The Last Sultan
The Grand National Assembly in Ankara voted to abolish the Ottoman sultanate on November 2, 1922. The debate and vote was contentious. Ottoman generals, having wrested from Britain the right to renegotiate the Treaty of Sevres at Lausanne, insisted that the sultan, whose government had surrendered, would not benefit from their struggle. Other delegates resisted vehemently the presumption that the assembly could separate the office of the sultanate from the Caliph of Islam. Mustafa Kemal Pasa delivered the coup de grace in a decisive speech declaring the sultan a traitor to the nation, its people, and to Islam. The news of the abolition astounded Muslims within the former Ottoman realms and outside.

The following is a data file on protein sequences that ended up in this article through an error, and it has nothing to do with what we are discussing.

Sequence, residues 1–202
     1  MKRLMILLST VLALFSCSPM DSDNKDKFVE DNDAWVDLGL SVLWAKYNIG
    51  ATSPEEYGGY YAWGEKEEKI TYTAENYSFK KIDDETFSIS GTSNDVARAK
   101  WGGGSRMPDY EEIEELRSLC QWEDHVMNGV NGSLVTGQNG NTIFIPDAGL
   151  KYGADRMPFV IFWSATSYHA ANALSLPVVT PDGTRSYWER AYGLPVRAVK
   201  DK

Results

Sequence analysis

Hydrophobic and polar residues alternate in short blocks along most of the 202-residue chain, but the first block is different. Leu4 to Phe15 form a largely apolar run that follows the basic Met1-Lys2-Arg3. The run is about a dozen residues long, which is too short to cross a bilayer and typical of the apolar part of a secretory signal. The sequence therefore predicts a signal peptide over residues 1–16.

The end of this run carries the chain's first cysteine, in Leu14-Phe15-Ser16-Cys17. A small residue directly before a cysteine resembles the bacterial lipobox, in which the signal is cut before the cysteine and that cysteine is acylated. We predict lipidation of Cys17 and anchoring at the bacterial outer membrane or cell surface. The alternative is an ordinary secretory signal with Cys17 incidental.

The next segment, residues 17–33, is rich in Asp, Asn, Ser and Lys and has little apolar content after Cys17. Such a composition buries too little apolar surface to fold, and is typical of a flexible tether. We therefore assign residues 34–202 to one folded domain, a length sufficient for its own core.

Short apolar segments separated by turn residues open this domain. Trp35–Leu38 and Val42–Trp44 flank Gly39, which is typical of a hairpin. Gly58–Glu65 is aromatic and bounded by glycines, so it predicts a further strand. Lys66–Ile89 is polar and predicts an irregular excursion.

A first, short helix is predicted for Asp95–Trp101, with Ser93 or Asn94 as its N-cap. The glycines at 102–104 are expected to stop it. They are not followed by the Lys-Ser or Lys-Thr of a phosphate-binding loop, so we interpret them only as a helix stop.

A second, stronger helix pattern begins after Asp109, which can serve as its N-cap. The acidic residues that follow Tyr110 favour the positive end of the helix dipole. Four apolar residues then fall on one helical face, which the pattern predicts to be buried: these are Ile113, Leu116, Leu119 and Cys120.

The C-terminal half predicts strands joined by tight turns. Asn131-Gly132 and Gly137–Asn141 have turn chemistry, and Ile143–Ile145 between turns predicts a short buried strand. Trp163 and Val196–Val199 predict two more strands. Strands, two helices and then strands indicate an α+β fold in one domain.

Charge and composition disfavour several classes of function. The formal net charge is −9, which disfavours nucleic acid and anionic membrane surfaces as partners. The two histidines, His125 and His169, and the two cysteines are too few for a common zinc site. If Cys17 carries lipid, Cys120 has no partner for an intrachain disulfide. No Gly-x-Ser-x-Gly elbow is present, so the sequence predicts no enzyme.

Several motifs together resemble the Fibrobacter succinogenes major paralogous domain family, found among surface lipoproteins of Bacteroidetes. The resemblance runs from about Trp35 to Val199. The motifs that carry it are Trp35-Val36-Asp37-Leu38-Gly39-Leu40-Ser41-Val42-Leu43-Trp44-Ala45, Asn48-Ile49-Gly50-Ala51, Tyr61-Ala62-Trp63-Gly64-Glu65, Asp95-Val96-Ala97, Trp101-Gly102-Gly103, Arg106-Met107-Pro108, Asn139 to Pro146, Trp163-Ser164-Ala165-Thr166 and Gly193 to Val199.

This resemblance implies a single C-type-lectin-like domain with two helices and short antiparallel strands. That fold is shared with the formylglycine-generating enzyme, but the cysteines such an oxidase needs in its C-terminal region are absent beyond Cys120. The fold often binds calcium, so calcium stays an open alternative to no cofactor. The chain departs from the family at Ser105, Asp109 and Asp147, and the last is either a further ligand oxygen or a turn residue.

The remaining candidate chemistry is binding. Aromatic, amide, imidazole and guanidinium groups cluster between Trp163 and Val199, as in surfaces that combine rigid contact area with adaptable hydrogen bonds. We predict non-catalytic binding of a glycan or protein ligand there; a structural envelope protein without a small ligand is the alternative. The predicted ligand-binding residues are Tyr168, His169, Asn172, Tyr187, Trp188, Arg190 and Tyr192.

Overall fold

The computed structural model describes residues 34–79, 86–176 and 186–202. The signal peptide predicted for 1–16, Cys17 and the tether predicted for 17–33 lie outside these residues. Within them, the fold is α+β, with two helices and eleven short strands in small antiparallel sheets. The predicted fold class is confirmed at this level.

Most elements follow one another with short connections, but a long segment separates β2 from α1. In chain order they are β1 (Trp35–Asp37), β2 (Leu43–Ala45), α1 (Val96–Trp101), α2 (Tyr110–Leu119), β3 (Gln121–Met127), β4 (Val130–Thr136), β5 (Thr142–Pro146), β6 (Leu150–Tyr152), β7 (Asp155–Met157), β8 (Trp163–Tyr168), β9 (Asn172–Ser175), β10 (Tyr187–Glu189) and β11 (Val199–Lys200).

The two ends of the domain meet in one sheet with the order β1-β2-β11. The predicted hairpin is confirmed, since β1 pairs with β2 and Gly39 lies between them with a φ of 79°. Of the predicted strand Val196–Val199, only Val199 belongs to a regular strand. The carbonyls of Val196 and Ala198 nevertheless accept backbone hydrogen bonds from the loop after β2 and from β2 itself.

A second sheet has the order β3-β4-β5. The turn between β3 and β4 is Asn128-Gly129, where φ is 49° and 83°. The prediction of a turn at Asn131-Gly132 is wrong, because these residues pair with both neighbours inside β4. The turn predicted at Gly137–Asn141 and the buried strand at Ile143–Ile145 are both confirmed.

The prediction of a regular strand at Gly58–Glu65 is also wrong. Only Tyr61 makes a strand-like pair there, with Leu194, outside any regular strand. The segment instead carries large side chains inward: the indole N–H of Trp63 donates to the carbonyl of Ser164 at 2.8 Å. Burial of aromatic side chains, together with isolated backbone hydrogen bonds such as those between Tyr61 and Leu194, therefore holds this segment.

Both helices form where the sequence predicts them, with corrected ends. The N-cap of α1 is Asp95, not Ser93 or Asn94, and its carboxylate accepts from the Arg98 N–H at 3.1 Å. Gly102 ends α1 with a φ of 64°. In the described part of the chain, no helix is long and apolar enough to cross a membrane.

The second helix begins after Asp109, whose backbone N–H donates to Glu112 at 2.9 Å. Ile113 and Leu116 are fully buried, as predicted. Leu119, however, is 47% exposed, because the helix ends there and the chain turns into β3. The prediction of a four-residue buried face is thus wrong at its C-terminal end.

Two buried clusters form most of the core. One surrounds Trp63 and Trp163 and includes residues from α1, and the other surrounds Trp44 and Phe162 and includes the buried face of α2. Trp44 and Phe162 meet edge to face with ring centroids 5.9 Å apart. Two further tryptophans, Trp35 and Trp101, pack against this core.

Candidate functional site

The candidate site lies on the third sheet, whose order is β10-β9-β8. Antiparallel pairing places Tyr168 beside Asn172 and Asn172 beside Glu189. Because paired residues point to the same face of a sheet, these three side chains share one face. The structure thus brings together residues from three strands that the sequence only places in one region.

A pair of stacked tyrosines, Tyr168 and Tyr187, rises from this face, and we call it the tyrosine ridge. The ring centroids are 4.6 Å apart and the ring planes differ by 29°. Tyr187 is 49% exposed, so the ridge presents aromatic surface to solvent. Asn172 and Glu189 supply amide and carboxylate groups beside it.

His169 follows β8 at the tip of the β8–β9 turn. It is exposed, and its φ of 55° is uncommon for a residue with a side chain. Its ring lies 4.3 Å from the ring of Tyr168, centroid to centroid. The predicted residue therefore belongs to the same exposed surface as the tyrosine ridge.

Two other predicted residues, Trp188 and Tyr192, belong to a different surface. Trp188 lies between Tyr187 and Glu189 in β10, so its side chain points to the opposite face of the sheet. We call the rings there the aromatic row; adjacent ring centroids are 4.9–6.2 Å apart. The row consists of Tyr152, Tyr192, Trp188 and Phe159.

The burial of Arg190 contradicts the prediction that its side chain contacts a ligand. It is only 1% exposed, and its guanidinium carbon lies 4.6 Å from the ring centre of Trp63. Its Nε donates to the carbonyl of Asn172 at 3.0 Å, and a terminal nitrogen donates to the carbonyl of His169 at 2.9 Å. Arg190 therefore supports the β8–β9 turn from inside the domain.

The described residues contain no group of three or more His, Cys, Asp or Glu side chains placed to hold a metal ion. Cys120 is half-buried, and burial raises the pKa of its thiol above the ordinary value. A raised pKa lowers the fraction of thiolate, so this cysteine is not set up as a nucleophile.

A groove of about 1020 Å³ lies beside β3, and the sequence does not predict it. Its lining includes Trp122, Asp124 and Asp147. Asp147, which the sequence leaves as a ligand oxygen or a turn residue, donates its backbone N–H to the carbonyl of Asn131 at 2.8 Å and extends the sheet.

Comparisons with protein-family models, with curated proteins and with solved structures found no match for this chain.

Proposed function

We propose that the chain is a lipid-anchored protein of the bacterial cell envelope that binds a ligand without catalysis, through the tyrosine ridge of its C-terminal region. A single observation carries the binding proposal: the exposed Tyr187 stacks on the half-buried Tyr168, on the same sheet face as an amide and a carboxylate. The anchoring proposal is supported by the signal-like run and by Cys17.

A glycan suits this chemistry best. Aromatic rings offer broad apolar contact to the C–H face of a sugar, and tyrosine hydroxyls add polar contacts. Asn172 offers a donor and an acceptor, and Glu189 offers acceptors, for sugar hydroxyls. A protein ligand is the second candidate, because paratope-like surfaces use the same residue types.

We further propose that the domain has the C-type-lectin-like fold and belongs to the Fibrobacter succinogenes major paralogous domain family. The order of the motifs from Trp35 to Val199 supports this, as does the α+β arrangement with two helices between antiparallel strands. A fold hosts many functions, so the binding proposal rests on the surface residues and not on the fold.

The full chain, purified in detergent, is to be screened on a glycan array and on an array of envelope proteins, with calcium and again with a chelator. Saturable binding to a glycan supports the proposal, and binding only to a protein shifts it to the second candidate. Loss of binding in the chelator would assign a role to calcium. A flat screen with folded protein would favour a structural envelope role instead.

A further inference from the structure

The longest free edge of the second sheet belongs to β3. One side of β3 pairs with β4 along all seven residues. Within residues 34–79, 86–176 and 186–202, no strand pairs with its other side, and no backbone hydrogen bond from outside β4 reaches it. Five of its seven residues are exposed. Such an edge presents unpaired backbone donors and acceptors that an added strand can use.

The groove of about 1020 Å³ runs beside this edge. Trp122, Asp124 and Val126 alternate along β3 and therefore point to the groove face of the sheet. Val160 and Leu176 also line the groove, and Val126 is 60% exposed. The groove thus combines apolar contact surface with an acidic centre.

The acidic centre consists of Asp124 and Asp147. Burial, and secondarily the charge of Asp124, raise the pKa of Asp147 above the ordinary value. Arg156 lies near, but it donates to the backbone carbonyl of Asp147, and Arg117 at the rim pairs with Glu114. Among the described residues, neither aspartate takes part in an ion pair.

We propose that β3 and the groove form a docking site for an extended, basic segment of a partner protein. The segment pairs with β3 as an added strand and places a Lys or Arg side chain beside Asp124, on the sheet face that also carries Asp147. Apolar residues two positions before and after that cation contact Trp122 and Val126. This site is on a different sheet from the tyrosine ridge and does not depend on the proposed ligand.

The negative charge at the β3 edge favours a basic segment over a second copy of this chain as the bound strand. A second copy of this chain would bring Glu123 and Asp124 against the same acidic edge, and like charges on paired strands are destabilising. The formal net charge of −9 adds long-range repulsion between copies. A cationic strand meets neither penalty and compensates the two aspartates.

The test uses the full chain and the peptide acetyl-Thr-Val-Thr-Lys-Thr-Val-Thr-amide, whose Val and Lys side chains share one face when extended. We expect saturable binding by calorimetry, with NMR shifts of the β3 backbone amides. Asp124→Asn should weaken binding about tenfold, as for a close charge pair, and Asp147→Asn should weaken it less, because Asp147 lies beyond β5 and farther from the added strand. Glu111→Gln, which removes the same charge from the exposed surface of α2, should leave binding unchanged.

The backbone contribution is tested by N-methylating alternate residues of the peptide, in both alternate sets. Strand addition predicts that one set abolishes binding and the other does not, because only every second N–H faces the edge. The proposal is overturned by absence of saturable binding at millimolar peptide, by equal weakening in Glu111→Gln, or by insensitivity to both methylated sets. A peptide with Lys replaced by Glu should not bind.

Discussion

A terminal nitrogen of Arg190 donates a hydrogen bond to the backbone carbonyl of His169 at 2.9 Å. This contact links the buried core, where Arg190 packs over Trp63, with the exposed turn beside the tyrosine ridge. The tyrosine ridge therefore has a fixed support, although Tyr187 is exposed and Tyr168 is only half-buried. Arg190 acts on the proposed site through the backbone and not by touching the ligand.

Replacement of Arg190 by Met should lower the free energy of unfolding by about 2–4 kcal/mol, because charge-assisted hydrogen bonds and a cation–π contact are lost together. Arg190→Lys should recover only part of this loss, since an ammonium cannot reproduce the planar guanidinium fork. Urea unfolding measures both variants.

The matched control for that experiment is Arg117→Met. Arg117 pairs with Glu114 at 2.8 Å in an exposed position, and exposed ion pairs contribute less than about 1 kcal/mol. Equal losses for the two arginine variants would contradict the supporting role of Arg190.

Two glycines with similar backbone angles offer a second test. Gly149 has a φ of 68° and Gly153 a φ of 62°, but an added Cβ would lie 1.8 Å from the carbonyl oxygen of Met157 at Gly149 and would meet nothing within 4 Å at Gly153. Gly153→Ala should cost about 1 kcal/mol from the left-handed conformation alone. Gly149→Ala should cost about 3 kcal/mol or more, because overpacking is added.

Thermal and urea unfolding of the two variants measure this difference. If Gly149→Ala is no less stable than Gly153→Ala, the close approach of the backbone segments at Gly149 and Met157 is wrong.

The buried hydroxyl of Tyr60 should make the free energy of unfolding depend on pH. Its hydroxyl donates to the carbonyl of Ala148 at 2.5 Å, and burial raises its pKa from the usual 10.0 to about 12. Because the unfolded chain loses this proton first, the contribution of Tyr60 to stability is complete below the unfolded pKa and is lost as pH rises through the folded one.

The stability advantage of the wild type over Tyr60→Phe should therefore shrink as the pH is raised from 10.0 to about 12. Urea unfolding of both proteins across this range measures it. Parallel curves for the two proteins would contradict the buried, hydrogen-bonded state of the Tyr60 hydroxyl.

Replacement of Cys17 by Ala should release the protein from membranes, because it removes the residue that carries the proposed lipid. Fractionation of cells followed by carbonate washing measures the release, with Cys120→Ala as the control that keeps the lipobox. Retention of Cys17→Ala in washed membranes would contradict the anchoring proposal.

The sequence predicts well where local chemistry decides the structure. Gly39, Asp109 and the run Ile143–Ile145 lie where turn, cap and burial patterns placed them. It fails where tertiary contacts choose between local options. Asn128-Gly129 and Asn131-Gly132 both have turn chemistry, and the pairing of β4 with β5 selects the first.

A bit more than two weeks later, the last sultan of the house of Osman fled Istanbul aboard a British naval ship with a few suitcases and the members of the royal family.104 He died three-and-a-half years later in Italy. He is buried in an ordinary grave at Damascus. Like the Royal Houses of the Hohenzollerns, the Austro-Hungarian Habsburgs, and the Romanovs, the Ottoman monarchy did not survive the transformations of the long nineteenth century and the world war.